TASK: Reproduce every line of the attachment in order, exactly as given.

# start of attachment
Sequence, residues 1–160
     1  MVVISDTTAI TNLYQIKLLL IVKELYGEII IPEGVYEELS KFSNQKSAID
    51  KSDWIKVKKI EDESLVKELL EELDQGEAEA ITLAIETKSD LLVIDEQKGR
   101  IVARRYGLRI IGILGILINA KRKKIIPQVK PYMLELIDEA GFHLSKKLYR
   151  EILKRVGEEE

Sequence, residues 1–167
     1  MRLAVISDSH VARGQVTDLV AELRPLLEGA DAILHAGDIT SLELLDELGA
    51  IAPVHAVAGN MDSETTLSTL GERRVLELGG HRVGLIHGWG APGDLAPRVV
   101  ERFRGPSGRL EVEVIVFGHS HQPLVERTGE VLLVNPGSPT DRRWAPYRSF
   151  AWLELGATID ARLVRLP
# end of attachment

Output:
Sequence, residues 1–160
     1  MVVISDTTAI TNLYQIKLLL IVKELYGEII IPEGVYEELS KFSNQKSAID
    51  KSDWIKVKKI EDESLVKELL EELDQGEAEA ITLAIETKSD LLVIDEQKGR
   101  IVARRYGLRI IGILGILINA KRKKIIPQVK PYMLELIDEA GFHLSKKLYR
   151  EILKRVGEEE

Sequence, residues 1–167
     1  MRLAVISDSH VARGQVTDLV AELRPLLEGA DAILHAGDIT SLELLDELGA
    51  IAPVHAVAGN MDSETTLSTL GERRVLELGG HRVGLIHGWG APGDLAPRVV
   101  ERFRGPSGRL EVEVIVFGHS HQPLVERTGE VLLVNPGSPT DRRWAPYRSF
   151  AWLELGATID ARLVRLP